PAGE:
All composites (even simple ones) are engineered materials. One of the great benefits is that it can result in large but strong and lightweight spatial objects (e.g. carbon fibre enforced plastic) with relatively few resources. It also gives more options to create varying degrees of stiffness and strength. The use of textile composites in the construction industry is less common than traditional building materials, but its popularity is growing.
On open-source bioplastics: open-source documenting of how to make bioplastics with simple tools and locally available materials can be attributed to Miriam Ribul and her publication on Material Activism from 2014. Promoting collaborative production of alternatives for petroleum-based plastic, she demonstrated 20(!) known processes for material production using only 4 simple recipes. Juliette Pépin's visual research book on bioplastics (also from 2014), goes in depth into the sensory and visual aspects of simple recipes with many variations. Although bioplastics production is certainly a craft that is dispersed across many locations and times, leaving traces of many similar recipes behind, this type of cataloguing and sharing work is certainly indebted to these two pioneers.
Needs further research? Not sure
Information from these other recipes was used to create this recipe:
This is an adaptation of Flexible bio-foil by Cecilia Raspanti, TextileLab, Waag Amsterdam for Fabricademy 2019-2020, Class pages, link. A longer cooking time is recommended to create a thicker foil.
Raspanti's recipe above is published under an Creative Commons Attribution Non-Commercial licence.
ETHICS & SUSTAINABILITY¶
Sustainability concerns are largely determined by the choice of constituent materials in a composite. An issue with most composites however, is that the process of recycling is complicated when constituent materials cannot be separated after use. For example salvaging the carbon fibre used in sports sailing equipment requires quite a lot of (toxic) chemicals and dissolves the other constituent material in the sail. The big thing to consider with composites is how might be be recycled and/or reabsorbed in nature without wasting resources.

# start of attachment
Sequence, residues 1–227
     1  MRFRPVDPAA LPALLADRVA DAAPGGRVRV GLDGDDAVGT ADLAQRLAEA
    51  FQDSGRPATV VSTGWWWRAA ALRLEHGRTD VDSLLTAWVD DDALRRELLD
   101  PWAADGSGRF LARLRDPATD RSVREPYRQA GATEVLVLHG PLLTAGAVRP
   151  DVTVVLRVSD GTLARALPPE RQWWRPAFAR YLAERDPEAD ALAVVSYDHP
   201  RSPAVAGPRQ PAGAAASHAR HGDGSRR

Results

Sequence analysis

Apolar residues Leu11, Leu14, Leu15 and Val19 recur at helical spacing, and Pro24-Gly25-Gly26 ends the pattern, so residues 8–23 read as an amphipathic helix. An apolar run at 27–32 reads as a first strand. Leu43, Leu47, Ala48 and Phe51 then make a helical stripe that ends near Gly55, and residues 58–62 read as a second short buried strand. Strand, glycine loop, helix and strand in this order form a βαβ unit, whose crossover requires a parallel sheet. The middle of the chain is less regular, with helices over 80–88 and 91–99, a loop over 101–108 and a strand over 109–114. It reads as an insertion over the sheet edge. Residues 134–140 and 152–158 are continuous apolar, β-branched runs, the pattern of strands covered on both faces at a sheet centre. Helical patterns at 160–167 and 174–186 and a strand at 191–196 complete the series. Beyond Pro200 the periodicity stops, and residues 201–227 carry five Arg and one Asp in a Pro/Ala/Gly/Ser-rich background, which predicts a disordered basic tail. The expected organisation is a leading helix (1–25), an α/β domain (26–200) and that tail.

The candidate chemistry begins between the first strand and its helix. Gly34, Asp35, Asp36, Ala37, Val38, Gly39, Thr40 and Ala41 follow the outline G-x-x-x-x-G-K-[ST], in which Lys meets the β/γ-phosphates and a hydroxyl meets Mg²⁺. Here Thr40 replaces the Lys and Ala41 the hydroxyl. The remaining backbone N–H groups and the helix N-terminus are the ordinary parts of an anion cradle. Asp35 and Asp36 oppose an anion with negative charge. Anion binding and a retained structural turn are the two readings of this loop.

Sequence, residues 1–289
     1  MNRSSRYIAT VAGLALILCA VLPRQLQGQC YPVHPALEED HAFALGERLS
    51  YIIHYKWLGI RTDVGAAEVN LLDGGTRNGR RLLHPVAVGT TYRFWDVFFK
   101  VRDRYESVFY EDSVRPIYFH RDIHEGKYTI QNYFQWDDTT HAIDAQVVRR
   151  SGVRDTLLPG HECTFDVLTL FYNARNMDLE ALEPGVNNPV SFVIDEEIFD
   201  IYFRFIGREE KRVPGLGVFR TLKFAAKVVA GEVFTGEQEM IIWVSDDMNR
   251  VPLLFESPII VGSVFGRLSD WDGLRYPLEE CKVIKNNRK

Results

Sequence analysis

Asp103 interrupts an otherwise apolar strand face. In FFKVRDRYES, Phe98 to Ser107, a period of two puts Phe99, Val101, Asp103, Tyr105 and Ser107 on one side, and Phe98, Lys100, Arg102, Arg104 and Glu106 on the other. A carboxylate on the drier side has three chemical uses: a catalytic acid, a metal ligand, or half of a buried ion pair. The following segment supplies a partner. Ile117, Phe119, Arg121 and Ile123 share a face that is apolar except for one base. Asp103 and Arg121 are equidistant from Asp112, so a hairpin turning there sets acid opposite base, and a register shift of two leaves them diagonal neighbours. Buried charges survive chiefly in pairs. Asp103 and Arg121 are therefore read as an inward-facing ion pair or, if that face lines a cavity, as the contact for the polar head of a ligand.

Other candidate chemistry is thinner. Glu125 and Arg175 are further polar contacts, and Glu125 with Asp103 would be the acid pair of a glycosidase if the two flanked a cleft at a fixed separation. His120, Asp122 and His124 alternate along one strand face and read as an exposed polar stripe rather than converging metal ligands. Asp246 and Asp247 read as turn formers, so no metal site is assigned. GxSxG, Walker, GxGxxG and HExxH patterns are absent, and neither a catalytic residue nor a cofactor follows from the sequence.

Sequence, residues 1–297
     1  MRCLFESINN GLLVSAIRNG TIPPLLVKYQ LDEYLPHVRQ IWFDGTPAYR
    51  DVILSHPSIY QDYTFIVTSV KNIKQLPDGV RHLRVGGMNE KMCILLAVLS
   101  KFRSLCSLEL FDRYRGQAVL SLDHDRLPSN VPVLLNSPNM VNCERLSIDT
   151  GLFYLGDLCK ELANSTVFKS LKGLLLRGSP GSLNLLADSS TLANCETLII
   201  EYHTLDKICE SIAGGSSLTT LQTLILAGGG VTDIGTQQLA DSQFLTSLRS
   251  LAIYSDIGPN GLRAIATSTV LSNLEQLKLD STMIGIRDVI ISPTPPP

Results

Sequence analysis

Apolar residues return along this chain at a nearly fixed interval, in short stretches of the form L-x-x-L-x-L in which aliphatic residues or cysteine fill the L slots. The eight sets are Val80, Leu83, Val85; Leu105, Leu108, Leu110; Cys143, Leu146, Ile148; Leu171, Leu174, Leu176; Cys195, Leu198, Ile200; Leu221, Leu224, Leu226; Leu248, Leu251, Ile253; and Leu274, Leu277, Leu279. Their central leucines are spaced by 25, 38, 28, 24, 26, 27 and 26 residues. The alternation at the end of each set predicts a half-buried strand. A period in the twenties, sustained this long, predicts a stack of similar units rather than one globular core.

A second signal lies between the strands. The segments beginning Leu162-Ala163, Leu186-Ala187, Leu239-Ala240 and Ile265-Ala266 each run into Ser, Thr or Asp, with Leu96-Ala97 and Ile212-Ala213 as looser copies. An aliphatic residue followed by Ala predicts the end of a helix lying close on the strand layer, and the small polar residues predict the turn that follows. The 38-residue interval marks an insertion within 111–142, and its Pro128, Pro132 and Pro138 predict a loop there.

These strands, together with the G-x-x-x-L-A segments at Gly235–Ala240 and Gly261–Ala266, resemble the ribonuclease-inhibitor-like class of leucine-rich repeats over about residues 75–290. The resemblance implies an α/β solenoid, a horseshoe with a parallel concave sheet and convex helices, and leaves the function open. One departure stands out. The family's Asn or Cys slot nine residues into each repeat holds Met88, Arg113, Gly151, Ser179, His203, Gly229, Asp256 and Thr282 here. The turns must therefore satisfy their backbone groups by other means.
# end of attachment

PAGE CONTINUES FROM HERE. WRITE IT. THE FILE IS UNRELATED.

"Green" composites would be made of biopolymers (e.g. agar-based bioplastic) and natural fibres (e.g. cotton, hemp, corn cobs, wood dust) as reinforcement), making the composite fully degradable if not compostable.
- Renewable ingredients: yes
- Vegan: yes
- Made of by-products or waste: no
- Biocompostable final product: yes
- Re-use: the plain agar recipe without additional additives can be melted by reheating it (add a splash of water if necessary), reusing a composite depends on the materials used. This composite can be formed and reformed over and over.
Needs further research?: Not sure
Should not be recycled as part of PET-plastics waste: this causes contamination of the waste stream. Compost bioplastics in a warm environment with sufficient airflow.
- Strength: medium
- Hardness: resilient
- Transparency: opaque
- Glossiness: matte
- Weight: light
- Structure: variable
- Texture: medium
- Temperature: medium
- Shape memory: high
- Odor: none
- Stickiness: low
- Weather resistance: needs further research
- Acoustic properties: needs further research
- Anti-bacterial: needs further research
- Non-allergenic: nneeds further research
- Electrical properties: needs further research
- Heat resistance: medium
- Water resistance: water resistant
- Chemical resistance: needs further research
- Scratch resistance: high
- Surface friction: medium
- PH modifiers: none
Maker of this sample
- Name: Loes Bogers
- Affiliation: Fabricademy student at Waag Textile Lab Amsterdam
- Location: Amsterdam, the Netherlands
- Date: 16-03-2020 – 24-03-2020
- Humidity: 40-50%
- Outside temp: 5-11 degrees Celcius
- Room temp: 18 – 22 degrees Celcius
- PH tap water: 7-8
Has recipe been validated?
Yes, by Cecilia Raspanti, TextileLab, Waag Amsterdam, 9 March 2020
Images of the final sample
Agar composite, Loes Bogers, 2020
- Agar biofoil by Cecilia Raspanti, Textile Lab, Waag Amsterdam for Fabricademy 2019-2020, Class pages, link.
- Textile as Scaffold by Anastasia Pistofidou for Fabricademy, 30 October 2018: link
- Textile Composite Materials by Ashok Hakoo for Textile School, 14 April 2019: link
- Textile Composites by Waqas Paracha via Slideshare, 5 April 2010: link
- What is Biocomposite? by Ashish Kumar Dua, for Textile Learner, July 2013: link
- Recipes for Material Activism by Miriam Ribul, 2014, via issuu link
- Research Book Bioplastics by Juliette Pepin, 2014, via issuu link